Very few people realize how often mainstream media sources say things that just aren’t true. Sometimes the reason is malice, more often it’s ignorance or prejudice. A fascinating example of a libel directed against the Catholic church–undoubtedly the world’s most frequently defamed institution–was brought to our attention by reader Matthew Kowalski. On New Year’s Day, the Washington Post published an article by Jose Antonio Vargas titled “Seeking the Hand of God in the Waters”. The article reported on various efforts to find theological meaning in the South Asian tsunami. The Post article included these paragraphs:
Martin E. Marty, professor emeritus of religious history at the University of Chicago, has written his 55th book, “When Faiths Collide,” which he says should land in bookstores this week.
“It’s only natural to repose yourself in the will of God,” he says. “If you’re a believer, then you must believe that God, somehow, is a presence in all of this. But God didn’t tell anybody that you go through life without disasters.”
Still, talk of religion’s role in the disaster irks Marty. Following the devastation in Lisbon in 1755, priests roamed the streets, hanging those they believed had incurred God’s wrath. That event “shook the modern world,” he notes, changing people’s idea of a benevolent, all-caring God.
The ludicrous assertion that priests had “roamed the streets” hanging people after the Lisbon earthquake was made by Vargas, and apparently passed by one or more editors at the Post without raising any questions. The claim was then picked up and repeated by a number of other news sources.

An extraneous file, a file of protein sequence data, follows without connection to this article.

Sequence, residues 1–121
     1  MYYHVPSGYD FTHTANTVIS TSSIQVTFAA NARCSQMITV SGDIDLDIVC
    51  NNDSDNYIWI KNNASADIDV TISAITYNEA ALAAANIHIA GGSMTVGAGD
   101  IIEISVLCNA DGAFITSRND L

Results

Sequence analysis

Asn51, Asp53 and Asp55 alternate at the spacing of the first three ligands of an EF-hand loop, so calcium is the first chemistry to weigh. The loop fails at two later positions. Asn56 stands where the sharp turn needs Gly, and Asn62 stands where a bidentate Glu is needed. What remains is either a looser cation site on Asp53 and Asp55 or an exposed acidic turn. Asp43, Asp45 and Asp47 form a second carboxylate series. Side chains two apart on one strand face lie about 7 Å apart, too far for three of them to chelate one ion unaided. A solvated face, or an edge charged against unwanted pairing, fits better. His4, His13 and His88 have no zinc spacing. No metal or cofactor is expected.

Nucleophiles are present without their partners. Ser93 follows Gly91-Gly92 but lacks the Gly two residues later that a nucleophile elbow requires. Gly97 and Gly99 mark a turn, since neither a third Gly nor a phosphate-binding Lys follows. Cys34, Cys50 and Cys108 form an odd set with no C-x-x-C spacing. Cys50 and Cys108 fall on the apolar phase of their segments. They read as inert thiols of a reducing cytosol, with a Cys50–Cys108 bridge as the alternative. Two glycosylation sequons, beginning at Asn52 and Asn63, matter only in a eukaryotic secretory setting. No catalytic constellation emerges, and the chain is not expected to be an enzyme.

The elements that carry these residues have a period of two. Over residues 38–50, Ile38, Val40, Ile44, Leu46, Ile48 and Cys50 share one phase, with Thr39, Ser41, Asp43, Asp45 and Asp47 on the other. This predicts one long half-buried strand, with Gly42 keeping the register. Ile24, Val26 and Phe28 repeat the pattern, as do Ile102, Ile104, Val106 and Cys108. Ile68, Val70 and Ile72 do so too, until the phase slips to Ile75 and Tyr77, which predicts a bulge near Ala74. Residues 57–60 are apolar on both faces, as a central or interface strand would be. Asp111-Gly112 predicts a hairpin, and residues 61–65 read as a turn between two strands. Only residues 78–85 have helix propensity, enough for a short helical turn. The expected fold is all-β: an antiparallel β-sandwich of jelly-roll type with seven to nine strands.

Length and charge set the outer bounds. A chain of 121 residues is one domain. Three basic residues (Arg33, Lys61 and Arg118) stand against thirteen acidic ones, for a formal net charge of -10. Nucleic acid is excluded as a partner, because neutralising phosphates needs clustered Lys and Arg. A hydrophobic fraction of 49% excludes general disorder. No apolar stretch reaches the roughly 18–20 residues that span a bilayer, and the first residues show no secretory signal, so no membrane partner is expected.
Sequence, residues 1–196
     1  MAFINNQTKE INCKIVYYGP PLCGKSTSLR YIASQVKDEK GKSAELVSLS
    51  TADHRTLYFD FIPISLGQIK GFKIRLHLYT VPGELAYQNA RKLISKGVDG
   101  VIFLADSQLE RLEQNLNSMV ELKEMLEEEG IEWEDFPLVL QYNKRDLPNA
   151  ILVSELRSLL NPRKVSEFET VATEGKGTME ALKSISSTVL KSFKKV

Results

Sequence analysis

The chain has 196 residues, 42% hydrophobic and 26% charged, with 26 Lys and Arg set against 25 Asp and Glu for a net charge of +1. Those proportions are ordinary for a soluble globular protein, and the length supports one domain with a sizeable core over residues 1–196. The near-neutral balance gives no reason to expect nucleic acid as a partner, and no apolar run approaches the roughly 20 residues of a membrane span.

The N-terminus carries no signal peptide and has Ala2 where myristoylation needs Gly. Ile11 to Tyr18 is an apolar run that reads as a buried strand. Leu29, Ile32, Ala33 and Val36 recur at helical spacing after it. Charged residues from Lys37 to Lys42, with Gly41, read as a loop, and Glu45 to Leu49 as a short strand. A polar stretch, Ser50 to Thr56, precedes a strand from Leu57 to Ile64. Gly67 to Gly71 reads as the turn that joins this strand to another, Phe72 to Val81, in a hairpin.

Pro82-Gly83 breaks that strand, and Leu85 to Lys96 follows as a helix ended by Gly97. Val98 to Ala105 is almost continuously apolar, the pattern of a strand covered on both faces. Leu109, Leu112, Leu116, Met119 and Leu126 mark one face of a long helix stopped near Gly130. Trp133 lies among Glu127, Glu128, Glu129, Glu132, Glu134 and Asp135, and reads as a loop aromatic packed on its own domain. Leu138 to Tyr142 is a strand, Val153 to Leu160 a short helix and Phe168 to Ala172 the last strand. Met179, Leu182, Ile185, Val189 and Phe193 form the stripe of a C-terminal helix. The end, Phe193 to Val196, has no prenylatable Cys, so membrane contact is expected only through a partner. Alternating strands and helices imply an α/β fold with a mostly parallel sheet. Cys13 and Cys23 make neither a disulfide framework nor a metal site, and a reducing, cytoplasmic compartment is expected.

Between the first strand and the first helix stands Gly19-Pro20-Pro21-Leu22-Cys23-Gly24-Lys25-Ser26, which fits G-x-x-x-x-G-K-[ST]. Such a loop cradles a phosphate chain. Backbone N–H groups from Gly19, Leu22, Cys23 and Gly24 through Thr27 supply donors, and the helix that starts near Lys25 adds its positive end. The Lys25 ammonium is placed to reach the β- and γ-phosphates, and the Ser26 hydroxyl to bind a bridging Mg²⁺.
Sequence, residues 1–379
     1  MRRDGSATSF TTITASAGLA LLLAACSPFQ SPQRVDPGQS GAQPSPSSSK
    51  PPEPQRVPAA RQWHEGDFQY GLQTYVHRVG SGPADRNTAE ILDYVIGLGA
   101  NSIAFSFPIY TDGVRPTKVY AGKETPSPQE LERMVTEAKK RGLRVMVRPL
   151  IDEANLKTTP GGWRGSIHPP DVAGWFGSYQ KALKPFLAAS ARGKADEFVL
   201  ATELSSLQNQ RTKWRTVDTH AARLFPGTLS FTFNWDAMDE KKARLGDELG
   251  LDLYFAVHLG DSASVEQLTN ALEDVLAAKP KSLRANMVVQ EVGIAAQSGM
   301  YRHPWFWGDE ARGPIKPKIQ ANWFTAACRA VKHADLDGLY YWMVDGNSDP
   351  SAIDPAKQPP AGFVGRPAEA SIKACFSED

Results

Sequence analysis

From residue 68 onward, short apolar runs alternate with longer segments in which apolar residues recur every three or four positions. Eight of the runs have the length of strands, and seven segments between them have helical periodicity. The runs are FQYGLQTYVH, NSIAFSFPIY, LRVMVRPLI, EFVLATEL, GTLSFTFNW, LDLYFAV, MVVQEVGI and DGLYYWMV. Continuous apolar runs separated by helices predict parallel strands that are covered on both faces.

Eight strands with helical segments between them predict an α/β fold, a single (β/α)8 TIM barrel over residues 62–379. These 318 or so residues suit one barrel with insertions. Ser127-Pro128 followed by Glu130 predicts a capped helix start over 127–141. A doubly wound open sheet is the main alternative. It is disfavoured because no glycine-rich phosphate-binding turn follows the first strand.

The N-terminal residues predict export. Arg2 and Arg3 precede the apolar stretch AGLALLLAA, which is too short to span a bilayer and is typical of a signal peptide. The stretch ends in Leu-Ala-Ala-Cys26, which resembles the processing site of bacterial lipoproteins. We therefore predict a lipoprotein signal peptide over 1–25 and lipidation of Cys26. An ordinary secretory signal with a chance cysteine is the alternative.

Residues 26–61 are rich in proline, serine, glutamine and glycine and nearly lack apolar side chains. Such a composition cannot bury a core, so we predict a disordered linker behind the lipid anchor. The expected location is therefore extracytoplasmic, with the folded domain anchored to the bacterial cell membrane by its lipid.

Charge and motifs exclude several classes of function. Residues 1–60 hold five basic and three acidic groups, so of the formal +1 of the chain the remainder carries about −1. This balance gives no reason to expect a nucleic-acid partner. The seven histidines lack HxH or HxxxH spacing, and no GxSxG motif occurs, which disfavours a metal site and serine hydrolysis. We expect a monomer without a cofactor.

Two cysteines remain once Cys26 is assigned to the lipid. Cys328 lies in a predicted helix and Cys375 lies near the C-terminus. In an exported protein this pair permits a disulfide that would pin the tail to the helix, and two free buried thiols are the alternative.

It struck at least one person odd, however: a woman named Theresa Carpinelli. In the Catholic Exchange, she tells the fascinating story of her effort to get to the bottom of this smear against her church. A casual reader of the paragraphs quoted above might attribute the “hanging” reference to Professor Marty. In fact, however, he was astonished to learn that the claim was being attributed to him. It appears that it may have originated in an unsourced, wholly imaginary Wikipedia entry. For reasons not yet explained, Vargas slipped it into his article in the midst of Professor Marty’s comments. Ms. Carpinelli has corresponded with Vargas and the hoax has been exposed, but as far as I can determine, the Post has not run a correction.
The moral of the story is that news sources that are considered reliable by many people, like the Washington Post, in fact make a great many errors–some innocent, others not. If an assertion sounds outlandish, like the claim that roving bands of 18th century Catholic priests went about hanging people, realize that it may very well be a fabrication. (Or, to take another example, the claim that a Secretary of the Interior expressed the view that environmental preservation is unnecessary in view of the imminent end of the world.) And bear in mind that false statements seem to be made more frequently about some people–Catholics, say, or Republicans–than about others.